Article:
In 1998, nearly one thousand Stanford graduate students staged a rally and camp-in protesting unaffordable campus housing options and financial insecurity. In the cold and rain of night, they pitched tents in the middle of Main Quad and covered them in signs that read, “Look Mom, no housing” and “Rent plus Ramen equals stipend.” Over 20 years later, the issues they raised continue to create significant hardship for many.
As student representatives, we seek to center student voices in everything we do. When we ran for ASSU Executive President and Vice President last spring, it was with three collective years of experience in working with administrators between the two of us. In so many of our meetings, we saw over and over that most University committees were content to do the bare minimum—if they had students on their committee their input would be considered, and if we were really lucky, the ASSU leadership would also be given an opportunity to provide input. We ran for our ASSU executive positions to counter this practice, and ensure that more student voice is heard than just ours as critical decisions are made. While many committees continue to struggle with this, ResX is one of three committees that’s gone above and beyond any other committees we’ve ever worked before.
Stanford’s off-campus engagement was a central theme of its Board of Trustees’ Feb. 11 and 12 meetings.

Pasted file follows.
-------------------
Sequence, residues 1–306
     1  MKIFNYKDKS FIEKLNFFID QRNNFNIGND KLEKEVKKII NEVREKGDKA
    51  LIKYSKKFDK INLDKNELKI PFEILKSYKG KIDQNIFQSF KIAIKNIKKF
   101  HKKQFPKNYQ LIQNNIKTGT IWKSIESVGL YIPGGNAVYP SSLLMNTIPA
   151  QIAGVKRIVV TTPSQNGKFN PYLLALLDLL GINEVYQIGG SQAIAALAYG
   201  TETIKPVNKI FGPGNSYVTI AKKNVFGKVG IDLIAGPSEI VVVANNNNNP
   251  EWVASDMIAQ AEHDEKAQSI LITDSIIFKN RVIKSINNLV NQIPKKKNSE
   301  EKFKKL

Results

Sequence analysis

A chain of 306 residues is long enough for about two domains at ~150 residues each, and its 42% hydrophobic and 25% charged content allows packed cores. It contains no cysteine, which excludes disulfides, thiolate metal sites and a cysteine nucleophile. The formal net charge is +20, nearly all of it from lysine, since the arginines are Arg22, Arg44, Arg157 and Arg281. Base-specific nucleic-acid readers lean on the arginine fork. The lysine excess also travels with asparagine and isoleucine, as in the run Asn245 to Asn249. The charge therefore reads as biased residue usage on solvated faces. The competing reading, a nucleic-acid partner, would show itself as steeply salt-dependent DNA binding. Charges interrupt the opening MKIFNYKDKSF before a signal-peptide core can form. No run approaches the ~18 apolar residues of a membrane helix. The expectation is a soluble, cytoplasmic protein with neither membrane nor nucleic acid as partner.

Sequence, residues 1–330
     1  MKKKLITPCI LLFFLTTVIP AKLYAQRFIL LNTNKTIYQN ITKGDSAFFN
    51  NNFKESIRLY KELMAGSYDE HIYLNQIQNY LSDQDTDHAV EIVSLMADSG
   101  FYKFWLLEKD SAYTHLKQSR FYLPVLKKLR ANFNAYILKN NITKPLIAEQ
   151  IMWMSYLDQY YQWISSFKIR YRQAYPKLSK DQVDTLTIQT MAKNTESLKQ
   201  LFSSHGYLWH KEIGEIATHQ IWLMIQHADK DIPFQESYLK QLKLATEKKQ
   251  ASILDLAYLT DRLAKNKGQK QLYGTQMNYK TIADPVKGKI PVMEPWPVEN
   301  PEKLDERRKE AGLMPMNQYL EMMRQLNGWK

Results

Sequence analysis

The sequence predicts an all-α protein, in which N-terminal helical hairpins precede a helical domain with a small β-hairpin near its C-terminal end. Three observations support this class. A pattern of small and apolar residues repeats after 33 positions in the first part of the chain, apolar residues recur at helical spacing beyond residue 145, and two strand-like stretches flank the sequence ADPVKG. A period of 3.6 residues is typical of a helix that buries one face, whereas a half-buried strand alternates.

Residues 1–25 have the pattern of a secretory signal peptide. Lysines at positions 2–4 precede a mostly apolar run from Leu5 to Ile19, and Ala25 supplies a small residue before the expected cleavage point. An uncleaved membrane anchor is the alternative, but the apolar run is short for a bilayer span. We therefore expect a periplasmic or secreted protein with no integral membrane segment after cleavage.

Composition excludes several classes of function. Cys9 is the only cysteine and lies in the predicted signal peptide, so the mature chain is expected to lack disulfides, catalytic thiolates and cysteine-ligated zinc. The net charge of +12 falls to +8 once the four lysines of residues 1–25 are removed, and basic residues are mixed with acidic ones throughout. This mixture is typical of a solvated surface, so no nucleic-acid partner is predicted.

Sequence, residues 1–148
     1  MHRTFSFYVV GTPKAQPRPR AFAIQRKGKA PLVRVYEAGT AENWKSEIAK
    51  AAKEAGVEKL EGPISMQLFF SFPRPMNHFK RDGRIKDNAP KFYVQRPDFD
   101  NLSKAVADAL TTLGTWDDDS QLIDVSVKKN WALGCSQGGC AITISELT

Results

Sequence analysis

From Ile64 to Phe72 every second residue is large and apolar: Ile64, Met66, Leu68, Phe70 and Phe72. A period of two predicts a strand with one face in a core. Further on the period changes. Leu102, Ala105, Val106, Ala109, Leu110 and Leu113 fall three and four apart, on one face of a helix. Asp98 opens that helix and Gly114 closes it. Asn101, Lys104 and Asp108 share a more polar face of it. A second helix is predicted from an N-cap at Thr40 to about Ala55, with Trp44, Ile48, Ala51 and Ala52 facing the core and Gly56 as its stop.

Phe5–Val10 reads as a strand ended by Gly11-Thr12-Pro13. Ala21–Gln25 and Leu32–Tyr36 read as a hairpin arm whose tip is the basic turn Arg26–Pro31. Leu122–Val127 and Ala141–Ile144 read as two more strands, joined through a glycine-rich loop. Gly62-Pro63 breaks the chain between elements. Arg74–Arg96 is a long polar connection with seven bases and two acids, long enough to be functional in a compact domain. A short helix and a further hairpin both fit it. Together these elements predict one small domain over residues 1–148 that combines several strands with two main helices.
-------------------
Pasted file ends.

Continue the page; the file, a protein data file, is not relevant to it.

Monied clusters of Greek organizations, geographically segregated ethnic houses, and nepotistic, thematically-lifeless Row houses plague Stanford’s housing system, bemoan University administrators. Stanford has consequently adopted the belief that a vast overhaul of campus housing is the cure-all for these ills: the University’s ResX Task Force — a branch of Residential Education (ResEd), has recently been discussing what they call “the ideal neighborhood concept.” Substantive details on this proposed housing restructure are scarce. Nonetheless, we believe it would be useful to infer what the consequences of such systematic changes might be.
The Affordability Task Force is soliciting the input of faculty, graduate students, postdoctoral scholars and staff for its first Affordability Assessment to seek ways of easing the impact of Bay Area financial burdens.
StartX provides mentorship and other resources to Stanford-affiliated startups. The Stanford-StartX Fund, created in 2013, uses University money to invest in StartX ventures alongside other groups.
Stanford’s Affordability Task Force is developing a series of recommendations on improving affordability for faculty, staff, academic staff, graduate students and postdoctoral scholars.
Stanford has reached an agreement to partner with the County to offer the exams on-campus at Stanford Hospital.